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jq + httpie = šŸ’“

Paul
Linux nerd, (neo)vim nerd, web developer
惻Updated on 惻5 min read

Setting up

You'll need to install:

For this demo, we'll connect to the Spotify api. Create a new Spotify application here

Client credentials flow

There is a great little plugin for httpie which makes this very easy. It needed a little update. So, for now I'll link my fork.

To install just clone the repo and run sudo python setup.py install

OAuth2 flow

Spotify uses OAuth2. In order to get your access token to make requests relevant to your spotify account, you'll need to acquire an access token. I used this cli tool written in go to accomplish this. You can find that here

oauth2-cli \
  -id $CLIENT_ID \
  -secret $CLIENT_SECRET \
  -auth https://accounts.spotify.com/authorize \
  -token https://accounts.spotify.com/api/token \
  -scope "user-read-private user-read-email user-library-read"
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Making some requests

Downloading artist images from a search and then opening them

First, we'll make some requests that only require the client credentials flow.

#!bin/bash
AUTH_URL="https://accounts.spotify.com/api"
BASE_URL_API="https://api.spotify.com/v1"
CLIENT_ID=$(cat client_id)
CLIENT_SECRET=$(cat client_secret)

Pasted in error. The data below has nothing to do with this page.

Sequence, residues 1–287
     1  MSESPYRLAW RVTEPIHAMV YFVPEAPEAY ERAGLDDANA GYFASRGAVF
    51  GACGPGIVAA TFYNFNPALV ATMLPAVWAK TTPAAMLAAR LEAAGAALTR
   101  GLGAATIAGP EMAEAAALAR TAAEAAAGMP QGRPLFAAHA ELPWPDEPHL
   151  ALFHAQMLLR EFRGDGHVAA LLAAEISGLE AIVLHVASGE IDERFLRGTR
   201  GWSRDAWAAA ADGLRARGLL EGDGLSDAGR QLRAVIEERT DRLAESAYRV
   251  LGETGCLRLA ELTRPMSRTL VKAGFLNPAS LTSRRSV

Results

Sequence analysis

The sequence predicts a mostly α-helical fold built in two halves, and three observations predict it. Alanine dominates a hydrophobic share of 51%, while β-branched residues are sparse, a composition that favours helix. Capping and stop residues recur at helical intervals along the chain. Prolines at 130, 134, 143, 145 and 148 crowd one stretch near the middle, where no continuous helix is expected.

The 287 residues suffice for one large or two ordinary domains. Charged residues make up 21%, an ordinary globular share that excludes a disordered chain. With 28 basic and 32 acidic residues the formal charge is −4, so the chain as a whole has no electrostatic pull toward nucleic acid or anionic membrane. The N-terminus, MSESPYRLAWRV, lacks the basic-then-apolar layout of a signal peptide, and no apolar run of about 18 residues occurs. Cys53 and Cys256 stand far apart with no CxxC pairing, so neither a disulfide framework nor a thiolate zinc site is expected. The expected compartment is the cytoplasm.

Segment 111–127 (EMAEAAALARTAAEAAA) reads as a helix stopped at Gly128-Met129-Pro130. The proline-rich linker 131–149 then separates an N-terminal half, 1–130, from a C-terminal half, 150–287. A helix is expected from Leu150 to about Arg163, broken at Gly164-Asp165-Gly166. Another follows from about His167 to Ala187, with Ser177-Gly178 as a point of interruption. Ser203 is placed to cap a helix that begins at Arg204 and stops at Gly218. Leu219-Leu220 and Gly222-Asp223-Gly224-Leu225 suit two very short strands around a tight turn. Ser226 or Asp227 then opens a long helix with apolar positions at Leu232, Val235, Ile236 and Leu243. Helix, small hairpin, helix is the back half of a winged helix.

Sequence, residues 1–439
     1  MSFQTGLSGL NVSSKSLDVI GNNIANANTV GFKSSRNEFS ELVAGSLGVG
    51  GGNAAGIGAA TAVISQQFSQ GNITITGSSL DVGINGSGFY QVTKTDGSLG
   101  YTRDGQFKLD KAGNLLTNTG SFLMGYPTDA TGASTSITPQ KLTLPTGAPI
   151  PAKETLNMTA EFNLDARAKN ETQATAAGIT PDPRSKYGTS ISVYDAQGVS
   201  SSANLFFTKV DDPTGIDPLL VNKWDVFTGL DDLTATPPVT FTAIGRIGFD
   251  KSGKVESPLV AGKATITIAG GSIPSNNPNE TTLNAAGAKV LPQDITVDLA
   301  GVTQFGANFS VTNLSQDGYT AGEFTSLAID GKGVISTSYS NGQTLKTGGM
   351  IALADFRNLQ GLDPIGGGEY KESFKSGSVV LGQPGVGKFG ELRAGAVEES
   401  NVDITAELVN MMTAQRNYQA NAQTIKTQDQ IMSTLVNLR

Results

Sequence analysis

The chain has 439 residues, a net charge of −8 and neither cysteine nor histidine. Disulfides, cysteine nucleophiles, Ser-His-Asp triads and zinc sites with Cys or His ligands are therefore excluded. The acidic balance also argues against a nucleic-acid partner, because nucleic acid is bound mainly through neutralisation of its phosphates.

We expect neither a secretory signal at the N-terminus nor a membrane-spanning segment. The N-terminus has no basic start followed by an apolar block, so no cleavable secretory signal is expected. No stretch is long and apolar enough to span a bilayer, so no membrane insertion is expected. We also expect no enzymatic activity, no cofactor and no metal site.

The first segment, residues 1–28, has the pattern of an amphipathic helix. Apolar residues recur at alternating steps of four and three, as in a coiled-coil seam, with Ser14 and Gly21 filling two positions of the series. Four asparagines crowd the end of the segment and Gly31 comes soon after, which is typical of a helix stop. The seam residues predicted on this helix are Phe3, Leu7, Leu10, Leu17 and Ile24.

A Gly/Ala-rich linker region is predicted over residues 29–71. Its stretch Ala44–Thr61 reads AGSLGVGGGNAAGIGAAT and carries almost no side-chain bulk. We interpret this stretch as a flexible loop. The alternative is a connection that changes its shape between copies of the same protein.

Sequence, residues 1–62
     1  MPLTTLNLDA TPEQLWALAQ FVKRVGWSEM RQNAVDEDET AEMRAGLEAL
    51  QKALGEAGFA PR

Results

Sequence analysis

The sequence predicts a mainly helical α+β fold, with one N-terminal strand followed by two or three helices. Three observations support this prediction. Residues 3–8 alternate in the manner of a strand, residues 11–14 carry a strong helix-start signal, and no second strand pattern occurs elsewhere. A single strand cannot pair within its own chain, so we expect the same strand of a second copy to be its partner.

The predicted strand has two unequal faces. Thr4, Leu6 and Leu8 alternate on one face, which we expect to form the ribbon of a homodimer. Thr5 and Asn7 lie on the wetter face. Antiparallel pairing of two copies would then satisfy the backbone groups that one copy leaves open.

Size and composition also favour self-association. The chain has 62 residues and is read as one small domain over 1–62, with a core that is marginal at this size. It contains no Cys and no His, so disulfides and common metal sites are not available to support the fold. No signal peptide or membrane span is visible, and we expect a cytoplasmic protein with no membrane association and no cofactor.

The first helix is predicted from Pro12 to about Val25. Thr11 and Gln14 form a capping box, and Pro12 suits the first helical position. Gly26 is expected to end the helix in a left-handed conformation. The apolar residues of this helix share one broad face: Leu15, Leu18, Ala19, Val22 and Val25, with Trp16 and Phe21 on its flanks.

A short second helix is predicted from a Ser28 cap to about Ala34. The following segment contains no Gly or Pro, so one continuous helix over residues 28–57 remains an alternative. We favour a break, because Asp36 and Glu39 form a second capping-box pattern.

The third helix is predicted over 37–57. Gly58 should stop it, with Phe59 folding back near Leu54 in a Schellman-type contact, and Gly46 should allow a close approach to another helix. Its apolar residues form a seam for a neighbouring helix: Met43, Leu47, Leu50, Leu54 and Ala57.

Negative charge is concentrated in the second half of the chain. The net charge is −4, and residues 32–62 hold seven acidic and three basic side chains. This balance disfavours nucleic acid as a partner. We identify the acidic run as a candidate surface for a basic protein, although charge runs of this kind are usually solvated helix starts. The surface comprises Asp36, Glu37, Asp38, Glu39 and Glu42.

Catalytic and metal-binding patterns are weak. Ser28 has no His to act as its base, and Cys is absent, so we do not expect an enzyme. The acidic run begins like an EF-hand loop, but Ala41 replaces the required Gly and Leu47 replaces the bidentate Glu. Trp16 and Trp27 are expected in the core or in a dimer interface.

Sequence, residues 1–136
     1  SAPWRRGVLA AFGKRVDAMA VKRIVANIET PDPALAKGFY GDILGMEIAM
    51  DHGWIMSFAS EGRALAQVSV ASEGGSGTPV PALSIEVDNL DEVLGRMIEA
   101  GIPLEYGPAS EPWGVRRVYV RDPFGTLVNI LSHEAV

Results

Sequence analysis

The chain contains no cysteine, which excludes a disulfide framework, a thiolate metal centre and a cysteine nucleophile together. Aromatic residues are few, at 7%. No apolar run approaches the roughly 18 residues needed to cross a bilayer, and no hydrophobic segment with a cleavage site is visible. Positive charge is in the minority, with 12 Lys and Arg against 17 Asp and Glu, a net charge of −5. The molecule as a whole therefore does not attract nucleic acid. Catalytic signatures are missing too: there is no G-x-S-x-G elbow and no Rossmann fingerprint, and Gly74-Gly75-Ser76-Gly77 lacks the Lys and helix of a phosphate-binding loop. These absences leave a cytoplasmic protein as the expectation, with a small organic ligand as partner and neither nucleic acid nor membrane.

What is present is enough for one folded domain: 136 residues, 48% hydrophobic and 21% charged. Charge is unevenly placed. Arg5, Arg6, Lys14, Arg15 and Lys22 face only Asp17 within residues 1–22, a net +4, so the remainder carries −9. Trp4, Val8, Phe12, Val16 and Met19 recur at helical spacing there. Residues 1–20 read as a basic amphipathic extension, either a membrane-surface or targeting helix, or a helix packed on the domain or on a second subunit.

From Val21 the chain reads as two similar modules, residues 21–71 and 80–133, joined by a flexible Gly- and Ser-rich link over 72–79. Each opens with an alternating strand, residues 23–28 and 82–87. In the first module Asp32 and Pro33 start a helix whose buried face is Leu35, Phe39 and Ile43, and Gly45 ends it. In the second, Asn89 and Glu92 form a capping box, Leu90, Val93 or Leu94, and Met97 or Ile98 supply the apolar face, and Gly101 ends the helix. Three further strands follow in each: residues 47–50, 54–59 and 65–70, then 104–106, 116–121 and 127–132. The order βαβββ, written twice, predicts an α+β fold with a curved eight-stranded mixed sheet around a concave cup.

http --print="b" --auth-type oauth2 \
              --auth $CLIENT_ID:$CLIENT_SECRET \
              --issuer-uri "$AUTH_URL/token" \
              --scope "user-read-private" \
              GET $BASE_URL_API/search q=="Sophie Hutchings" type=="artist"
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You should see a big chunk of JSON as output. Couple things to note here:

  • CLIENT_ID=$(cat client_id): This is command substitution. There is a file in the directory I'm running this script that contains my client id.
  • --print="b" is telling httpie to print the body of the request only (we'll pipe the body into jq later). Other arguments to --print are:
    • H: Request headers
    • h Response headers
    • B request body

Let's pipe this into jq and just get a list of images from each artist.

# Beginning lines omitted

## Simple search
ARTISTS=$(http --print="b" --auth-type oauth2 \
     --auth $CLIENT_ID:$CLIENT_SECRET \
     --issuer-uri "$AUTH_URL/token" \
     --scope "user-read-private" \
     GET $BASE_URL_API/search q=="Sophie Hutchings" type=="artist")

# List of artist images
echo $ARTISTS | jq '.artists.items | map(.images | map(.url)) | flatten(1)' 
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This chunk begins with more command substitution to store the response from before into the ARTISTS variable. The contents of the variable is piped into jq to print a flat list of all the images from the artist we searched on. Let's cover some of the jq functions we used:

The simplest filter we used is the "Object Identifier-Index" .artists.items. This simply accesses a property within a JSON object.